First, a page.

Are you confident that you have the knowledge to support your preconception or pregnant patients with genetic carrier screening?

In November last year, the Federal Government announced a range of new Medicare rebates to allow more Australians to access the latest advances in genetic testing. These changes are summarised below:

1. New Medicare rebates are available for:

  • Reproductive carrier testing for couples to determine their combined risk of having a child born with cystic fibrosis, spinal muscular atrophy or fragile X syndrome
  • Genetic testing to diagnose mitochondrial disease
  • Genetic testing for childhood hearingGene panel testing for haematological malignancies
  • Small gene panel testing for non-small cell lung carcinomaTargeted carrier testing for severe monogenic conditions
  • Detection of measurable residual disease in patients with acute lymphoblastic leukaemia
  • Prognostic gene expression profile test to determine the risk of early and late metastasis in node negative and positive breast cancer under endocrine treatment
  • Testing for specific genetic variants that cause nine severe conditions commonly found in the Ashkenazi Jewish population

2. Amended Medicare rebate is available for:

  • Genetic testing for cardiac arrhythmia to align with genetic testing for cardiomyopathy (item 73418)

3. Expanded eligibility for:

  • Testing for breast, ovarian, fallopian tube or primary peritoneal cancer.

While the 34 new, expanded or increased rebates are welcome, together with today’s health consumers being more informed than ever before (and hence more likely to raise genetic issues), they emphasise the importance of GPs having a good understanding of the fundamentals of genetic testing, particularly in the setting of preconception care.

While no single article can cover the topic comprehensively, here we highlight three key steps GPs need to follow when caring for patients who should undergo genetic carrier screening.

Step 1: Take a comprehensive family history

GPs are well placed to take a comprehensive family history from both members of the couple to identify any known increase in the risk of having a baby with an inherited genetic disorder. The Royal Australian College of General Practitioners Genomics in General Practice resource has a comprehensive guide on how to take a genetic family history for your patients.

The questions you may like to ask your patients include, “do you have any relatives with any known genetic conditions?”, “do you have any relatives with an intellectual disability?”, “are you and your partner related to each other in any way?” as consanguinity increases the chance that both members of thecouples will be carriers of the same condition.

Step 2: Offer genetic carrier screening to your patients

It is important that patients understand their individual and joint risks of having a baby with an inherited genetic condition. While no test guarantees with absolute certainty the outcome of a particular pregnancy, advancing genetic technology is playing an increasing role in offering couples more information about their risk.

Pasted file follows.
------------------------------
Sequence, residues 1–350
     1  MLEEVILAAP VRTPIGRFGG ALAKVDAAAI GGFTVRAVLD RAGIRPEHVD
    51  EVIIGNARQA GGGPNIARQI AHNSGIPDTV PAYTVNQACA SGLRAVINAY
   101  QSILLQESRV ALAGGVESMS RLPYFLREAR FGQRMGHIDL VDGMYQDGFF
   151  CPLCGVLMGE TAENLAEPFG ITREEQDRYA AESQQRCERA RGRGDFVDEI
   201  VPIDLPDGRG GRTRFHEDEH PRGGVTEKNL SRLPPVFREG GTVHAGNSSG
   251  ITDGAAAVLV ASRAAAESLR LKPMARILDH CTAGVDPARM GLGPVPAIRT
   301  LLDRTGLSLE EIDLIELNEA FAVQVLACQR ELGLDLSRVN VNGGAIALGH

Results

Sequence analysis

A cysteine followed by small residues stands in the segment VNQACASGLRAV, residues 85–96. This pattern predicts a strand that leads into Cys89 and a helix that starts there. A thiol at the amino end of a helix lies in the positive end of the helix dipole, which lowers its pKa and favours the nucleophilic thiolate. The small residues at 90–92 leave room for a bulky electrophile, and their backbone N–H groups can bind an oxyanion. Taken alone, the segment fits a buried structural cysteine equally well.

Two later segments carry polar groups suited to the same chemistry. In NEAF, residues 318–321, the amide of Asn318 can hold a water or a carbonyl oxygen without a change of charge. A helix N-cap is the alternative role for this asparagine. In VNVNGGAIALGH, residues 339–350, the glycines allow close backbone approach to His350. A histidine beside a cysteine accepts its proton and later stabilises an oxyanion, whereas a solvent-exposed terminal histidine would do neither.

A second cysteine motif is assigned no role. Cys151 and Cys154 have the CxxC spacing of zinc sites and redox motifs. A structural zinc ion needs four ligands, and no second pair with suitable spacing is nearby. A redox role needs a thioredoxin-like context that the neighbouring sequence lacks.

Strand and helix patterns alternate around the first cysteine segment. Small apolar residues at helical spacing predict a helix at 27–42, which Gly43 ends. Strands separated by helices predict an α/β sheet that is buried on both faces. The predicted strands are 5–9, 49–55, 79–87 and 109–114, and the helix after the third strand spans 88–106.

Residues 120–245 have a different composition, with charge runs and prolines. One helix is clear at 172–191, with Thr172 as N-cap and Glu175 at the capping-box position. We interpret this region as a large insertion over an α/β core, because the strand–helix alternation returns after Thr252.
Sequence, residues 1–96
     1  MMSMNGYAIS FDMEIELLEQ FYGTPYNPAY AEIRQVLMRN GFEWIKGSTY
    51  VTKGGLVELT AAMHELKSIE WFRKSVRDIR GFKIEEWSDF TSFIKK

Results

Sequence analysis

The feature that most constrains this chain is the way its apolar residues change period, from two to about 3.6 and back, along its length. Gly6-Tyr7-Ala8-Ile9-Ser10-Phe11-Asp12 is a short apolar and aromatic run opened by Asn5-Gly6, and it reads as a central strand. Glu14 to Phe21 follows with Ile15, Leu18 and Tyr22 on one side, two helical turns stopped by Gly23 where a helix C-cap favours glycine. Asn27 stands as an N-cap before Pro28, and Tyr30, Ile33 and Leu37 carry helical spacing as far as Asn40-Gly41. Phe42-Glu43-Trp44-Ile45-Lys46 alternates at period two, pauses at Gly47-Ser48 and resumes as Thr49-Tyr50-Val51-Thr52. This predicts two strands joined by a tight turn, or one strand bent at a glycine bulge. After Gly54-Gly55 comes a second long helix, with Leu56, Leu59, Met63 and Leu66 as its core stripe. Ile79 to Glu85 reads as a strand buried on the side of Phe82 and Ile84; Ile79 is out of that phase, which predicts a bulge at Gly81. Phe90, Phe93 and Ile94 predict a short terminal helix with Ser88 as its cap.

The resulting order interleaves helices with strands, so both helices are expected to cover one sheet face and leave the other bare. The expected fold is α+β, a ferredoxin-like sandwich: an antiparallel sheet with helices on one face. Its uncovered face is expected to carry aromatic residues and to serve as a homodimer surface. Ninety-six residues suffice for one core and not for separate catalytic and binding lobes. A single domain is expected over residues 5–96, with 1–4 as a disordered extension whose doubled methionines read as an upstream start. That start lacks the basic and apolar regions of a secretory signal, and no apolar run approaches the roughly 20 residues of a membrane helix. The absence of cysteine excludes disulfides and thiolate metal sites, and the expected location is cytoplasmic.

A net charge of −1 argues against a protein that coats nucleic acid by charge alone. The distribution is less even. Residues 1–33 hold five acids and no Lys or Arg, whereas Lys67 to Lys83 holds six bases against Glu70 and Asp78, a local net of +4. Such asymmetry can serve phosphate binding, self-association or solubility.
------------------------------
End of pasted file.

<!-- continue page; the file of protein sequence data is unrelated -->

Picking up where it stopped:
The Royal Australian College of Obstetricians and Gynaecologists (RANZCOG) advises that all women who are planning a pregnancy or who are in their first trimester of pregnancy be offered carrier screening, such as the expanded carrier screening which does not currently attract a Medicare rebate or the 3-Gene Carrier Panel (Cystic Fibrosis, Fragile X syndrome and Spinal Muscular Atrophy), which does attract a Medicare rebate. These tests should be offered regardless of whether they have family members with genetic conditions. Approximately 1–2% of non-consanguineous couples have a one in four chance of having a child with an autosomal recessive or X-linked recessive condition.

The conditions in the 3-Gene Carrier Panel are inherited in either autosomal recessive or X-linked recessive pattern respectively. For autosomal recessive conditions determining the carrier status of both partners is important, whereas in Fragile X syndrome it is the carrier status of the patient who is pregnant or planning to become pregnant which is important. See here for more information.

The new MBS item numbers are intended to be first used to test hte patient who is pregnant or planning pregnancy for Cystic Fibrosis (CF), Spinal Muscular Atrophy (SMA) and Fragile X Syndrome (FXS). Subsequently, the reproductive partner is assessed for their carrier status for CF and SMA only. This is because the FXS carrier status of the reproductive partner is not directly relevant in determining whether a child will be born with FXS.

Step 3: Consider a referral to a Clinical Genetics unit

Clinical geneticists have extensive knowledge about complex genetic testing and counselling of patients and family members. Genetic counselling may be offered by the pathology company who performed the genetic testing which identified an increased risk for a couple, sometimes at no cost to the patient. Separate to this service, a referral to a Clinical Genetics unit at a tertiary hospital can also be considered, even if carrier testing has returned a normal result. For example, if you are caring for a couple with a family history of inherited genetic conditions, neurological conditions or intellectual disability, or to interpret the results of complex genetic test results.

Genetic testing is a complex and growing area of Medicine which requires constant upskilling. Understanding the terminology used within genetic assessment, testing and counselling is crucial in order to clearly communicate this information to patients and support them to seek further advice. The Genetics for GPs Course developed by Flinders University and GPEx provides GPs with a more comprehensive understanding of clinical genetics as it relates to their day-to-day practice.